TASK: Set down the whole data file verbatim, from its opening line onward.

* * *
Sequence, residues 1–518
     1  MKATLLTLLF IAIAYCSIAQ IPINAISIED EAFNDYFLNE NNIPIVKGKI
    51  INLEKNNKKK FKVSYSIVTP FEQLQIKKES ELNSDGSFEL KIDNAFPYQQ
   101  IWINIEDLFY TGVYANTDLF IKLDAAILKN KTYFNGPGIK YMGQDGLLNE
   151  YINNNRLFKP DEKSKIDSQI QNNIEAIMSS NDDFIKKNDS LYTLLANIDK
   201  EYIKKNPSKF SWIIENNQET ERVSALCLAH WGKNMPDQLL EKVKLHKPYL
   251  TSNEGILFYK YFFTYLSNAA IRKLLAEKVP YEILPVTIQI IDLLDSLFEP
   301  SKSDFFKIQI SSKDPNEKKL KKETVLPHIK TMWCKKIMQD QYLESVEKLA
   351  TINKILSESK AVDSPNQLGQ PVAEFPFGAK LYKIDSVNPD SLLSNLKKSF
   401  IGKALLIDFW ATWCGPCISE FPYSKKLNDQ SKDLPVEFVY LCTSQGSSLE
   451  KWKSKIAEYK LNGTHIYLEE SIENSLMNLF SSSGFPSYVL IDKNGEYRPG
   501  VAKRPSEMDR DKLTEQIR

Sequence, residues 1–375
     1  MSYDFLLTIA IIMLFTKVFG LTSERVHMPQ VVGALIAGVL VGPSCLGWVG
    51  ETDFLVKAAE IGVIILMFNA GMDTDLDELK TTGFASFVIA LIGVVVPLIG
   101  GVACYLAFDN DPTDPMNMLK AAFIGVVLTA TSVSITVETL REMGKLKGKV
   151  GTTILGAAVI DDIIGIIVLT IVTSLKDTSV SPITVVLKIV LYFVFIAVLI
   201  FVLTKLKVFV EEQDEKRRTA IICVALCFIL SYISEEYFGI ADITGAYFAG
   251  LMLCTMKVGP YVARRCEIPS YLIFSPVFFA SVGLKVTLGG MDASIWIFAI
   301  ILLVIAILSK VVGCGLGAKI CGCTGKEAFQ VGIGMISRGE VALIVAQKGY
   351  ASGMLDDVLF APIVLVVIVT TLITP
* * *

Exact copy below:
Sequence, residues 1–518
     1  MKATLLTLLF IAIAYCSIAQ IPINAISIED EAFNDYFLNE NNIPIVKGKI
    51  INLEKNNKKK FKVSYSIVTP FEQLQIKKES ELNSDGSFEL KIDNAFPYQQ
   101  IWINIEDLFY TGVYANTDLF IKLDAAILKN KTYFNGPGIK YMGQDGLLNE
   151  YINNNRLFKP DEKSKIDSQI QNNIEAIMSS NDDFIKKNDS LYTLLANIDK
   201  EYIKKNPSKF SWIIENNQET ERVSALCLAH WGKNMPDQLL EKVKLHKPYL
   251  TSNEGILFYK YFFTYLSNAA IRKLLAEKVP YEILPVTIQI IDLLDSLFEP
   301  SKSDFFKIQI SSKDPNEKKL KKETVLPHIK TMWCKKIMQD QYLESVEKLA
   351  TINKILSESK AVDSPNQLGQ PVAEFPFGAK LYKIDSVNPD SLLSNLKKSF
   401  IGKALLIDFW ATWCGPCISE FPYSKKLNDQ SKDLPVEFVY LCTSQGSSLE
   451  KWKSKIAEYK LNGTHIYLEE SIENSLMNLF SSSGFPSYVL IDKNGEYRPG
   501  VAKRPSEMDR DKLTEQIR

Sequence, residues 1–375
     1  MSYDFLLTIA IIMLFTKVFG LTSERVHMPQ VVGALIAGVL VGPSCLGWVG
    51  ETDFLVKAAE IGVIILMFNA GMDTDLDELK TTGFASFVIA LIGVVVPLIG
   101  GVACYLAFDN DPTDPMNMLK AAFIGVVLTA TSVSITVETL REMGKLKGKV
   151  GTTILGAAVI DDIIGIIVLT IVTSLKDTSV SPITVVLKIV LYFVFIAVLI
   201  FVLTKLKVFV EEQDEKRRTA IICVALCFIL SYISEEYFGI ADITGAYFAG
   251  LMLCTMKVGP YVARRCEIPS YLIFSPVFFA SVGLKVTLGG MDASIWIFAI
   301  ILLVIAILSK VVGCGLGAKI CGCTGKEAFQ VGIGMISRGE VALIVAQKGY
   351  ASGMLDDVLF APIVLVVIVT TLITP